// We need to associate our new type's method with the 
        // setter method in the interface
        typeBuilder.DefineMethodOverride(methodBuilder, setMethod);

Now that the getters and setters are created, the last complex step is to generate the "no-op" methods. For each method, we will get a list of arguments and a return type. This is used to generate a MethodBuilder and IlGenerator object, which are used in the same way that we created the constructor, getters, and setters.

On building the op-codes, if there is a return type, the method will declare an un-initialized field of the return type, and load it onto the stack. The method will return and it will be associated with the method as declared in the interface.

foreach (MethodInfo methodInfo in methods)
    // Get the return type and argument types

    Type returnType = methodInfo.ReturnType;

    List<Type> argumentTypes = new List<Type>();
    foreach (ParameterInfo parameterInfo in methodInfo.GetParameters())

    // Define the method
    MethodBuilder methodBuilder = typeBuilder.DefineMethod
        (methodInfo.Name, MethodAttributes.Public |
        MethodAttributes.Virtual, returnType, argumentTypes.ToArray());

    // The ILGenerator class is used to put op-codes
    // (similar to assembly) into the method
    ilGenerator = methodBuilder.GetILGenerator();

    // If there's a return type, create a default value or null to return
    if (returnType != typeof(void))
        // this declares the local object, int, long, float, etc.
        LocalBuilder localBuilder = ilGenerator.DeclareLocal(returnType);
        // load the value on the stack to return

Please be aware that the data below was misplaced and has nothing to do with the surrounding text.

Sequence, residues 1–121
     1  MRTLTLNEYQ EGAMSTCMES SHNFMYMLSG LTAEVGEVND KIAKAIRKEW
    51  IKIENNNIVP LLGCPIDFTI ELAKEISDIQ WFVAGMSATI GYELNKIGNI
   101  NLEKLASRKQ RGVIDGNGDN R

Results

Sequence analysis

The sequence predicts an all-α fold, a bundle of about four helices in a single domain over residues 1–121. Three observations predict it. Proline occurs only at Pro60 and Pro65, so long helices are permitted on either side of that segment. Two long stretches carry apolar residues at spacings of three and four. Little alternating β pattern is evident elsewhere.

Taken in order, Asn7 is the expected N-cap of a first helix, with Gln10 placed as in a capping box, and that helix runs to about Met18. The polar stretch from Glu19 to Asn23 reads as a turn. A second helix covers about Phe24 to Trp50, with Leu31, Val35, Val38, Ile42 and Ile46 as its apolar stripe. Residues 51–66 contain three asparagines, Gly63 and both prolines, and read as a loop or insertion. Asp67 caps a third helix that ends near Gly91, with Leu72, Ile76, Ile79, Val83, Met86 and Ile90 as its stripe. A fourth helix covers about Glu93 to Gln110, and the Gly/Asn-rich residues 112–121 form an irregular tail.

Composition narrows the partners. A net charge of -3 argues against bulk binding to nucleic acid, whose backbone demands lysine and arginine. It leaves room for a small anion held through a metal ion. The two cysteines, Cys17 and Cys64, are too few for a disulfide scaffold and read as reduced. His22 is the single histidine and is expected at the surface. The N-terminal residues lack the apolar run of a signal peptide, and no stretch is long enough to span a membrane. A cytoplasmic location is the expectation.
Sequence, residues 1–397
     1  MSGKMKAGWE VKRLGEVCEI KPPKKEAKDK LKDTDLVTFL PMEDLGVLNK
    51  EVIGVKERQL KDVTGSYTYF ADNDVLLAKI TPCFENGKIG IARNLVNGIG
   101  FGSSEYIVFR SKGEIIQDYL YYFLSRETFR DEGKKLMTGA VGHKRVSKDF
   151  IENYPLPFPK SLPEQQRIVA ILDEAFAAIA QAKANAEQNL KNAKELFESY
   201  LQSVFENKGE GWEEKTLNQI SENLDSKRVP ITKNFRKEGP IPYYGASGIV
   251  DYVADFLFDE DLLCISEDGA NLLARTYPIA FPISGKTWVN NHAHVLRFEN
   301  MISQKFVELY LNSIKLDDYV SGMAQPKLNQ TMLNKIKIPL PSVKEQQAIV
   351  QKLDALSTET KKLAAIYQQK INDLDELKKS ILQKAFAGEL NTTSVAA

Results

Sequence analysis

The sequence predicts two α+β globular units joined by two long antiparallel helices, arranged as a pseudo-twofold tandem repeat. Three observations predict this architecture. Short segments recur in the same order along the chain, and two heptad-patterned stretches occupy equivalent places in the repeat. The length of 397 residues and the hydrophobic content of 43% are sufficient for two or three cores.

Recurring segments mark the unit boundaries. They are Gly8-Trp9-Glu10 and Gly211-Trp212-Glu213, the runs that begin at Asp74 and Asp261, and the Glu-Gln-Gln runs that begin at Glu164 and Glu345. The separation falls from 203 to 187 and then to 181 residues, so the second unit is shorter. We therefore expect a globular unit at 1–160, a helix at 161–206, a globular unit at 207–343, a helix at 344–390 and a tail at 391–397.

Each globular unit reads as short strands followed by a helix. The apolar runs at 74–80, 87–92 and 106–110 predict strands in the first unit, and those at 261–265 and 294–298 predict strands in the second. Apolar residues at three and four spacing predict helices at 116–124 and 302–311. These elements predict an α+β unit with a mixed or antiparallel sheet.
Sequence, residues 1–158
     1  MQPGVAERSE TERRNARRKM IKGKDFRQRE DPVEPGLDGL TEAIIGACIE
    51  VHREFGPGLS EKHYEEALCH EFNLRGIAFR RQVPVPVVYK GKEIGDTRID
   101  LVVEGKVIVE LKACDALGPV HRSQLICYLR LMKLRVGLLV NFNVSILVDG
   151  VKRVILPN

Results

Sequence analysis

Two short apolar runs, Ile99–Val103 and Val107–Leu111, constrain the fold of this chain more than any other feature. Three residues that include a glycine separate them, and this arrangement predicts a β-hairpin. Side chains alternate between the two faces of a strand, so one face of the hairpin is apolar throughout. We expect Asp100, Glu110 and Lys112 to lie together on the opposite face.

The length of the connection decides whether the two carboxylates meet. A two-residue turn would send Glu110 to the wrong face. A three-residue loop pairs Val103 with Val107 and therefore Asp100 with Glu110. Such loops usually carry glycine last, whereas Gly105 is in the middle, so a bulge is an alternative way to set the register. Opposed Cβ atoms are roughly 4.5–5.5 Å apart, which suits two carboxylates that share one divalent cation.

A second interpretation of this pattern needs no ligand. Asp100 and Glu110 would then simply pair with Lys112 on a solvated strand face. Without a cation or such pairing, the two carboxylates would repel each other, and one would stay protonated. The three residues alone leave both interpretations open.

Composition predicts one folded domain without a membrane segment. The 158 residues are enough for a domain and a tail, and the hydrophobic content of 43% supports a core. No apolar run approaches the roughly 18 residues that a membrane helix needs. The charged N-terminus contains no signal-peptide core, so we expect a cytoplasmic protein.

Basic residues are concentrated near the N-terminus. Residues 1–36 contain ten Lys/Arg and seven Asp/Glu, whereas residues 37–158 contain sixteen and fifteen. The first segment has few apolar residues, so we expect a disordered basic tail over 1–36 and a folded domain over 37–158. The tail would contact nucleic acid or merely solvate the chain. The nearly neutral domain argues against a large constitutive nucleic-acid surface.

ilGenerator.Emit(OpCodes.Ldloc, localBuilder);

    ilGenerator.Emit(OpCodes.Ret);                       // return

    // We need to associate our new type's method with the method in the interface
    typeBuilder.DefineMethodOverride(methodBuilder, methodInfo);

Now that the constructor, properties, and methods are generated, it is time to complete the class. This requires us to tell the TypeBuilder that "we're done" by calling the CreateType() method, and it requires us to store the newly-created class for later use.

Type createdType = typeBuilder.CreateType();
InterfaceImplementations[type] = createdType;

So that's it! Our newly-created class that implements an interface is ready for InterfaceObjectFactory.New<>() to return! The newly created type is placed into the InterfaceImplementations dictionary, just as InterfaceObjectFactory.New<>() expects.

Building and Running the Provided Source Code

The provided source code is two projects and a solution for Visual Studio 2005. The programmer is encouraged to integrate InterfaceObjectFactory.cs into an existing class. (It may be useful to change the namespace.)

The demo program is a unit test, Memmexx.InterfaceImplementor.UnitTests. It is built to run under NUnit, an industry-standard testing Framework. As the demo uses basic NUnit functionality, it should run under most old and new versions of NUnit. The demo will look for nunit.core.dll and nunit.framework.dll in C:\Program Files\NUnit 2.4.3\bin. Assuming that you have a different version of NUnit or have NUnit installed in a different location, you will need to remove and re-add the references to nunit.core.dll and nunit.framework.dll.

Further Reading

Jconwell has two articles that discuss more about the TypeBuilder:

His example of writing a class in C#, and de-compiling it could provide a useful technique for modifying how dynamically generated objects behave.


My original implementation used .NET's built-in C# compiler. I felt that such an approach would be too slow and un-reliable, so I re-wrote it with the TypeBuilder.


This article, along with any associated source code and files, is licensed under The Code Project Open License (CPOL)


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Comments and Discussions

GeneralGot My 5+ Pin
ring_024-Feb-10 1:25
Memberring_024-Feb-10 1:25 
Great.Thumbs Up | :thumbsup:
Man having 1 bit brain with parity error

GeneralRe: Got My 5+ Pin
GWBas1c25-Feb-10 9:05
MemberGWBas1c25-Feb-10 9:05 
GeneralVery helpful! Pin
beat.kiener14-Feb-09 0:31
Memberbeat.kiener14-Feb-09 0:31 
GeneralIndexed properties Pin
Richard Deeming18-Jan-08 9:31
mveRichard Deeming18-Jan-08 9:31 
GeneralCool Pin
Steve Hansen10-Jan-08 23:31
MemberSteve Hansen10-Jan-08 23:31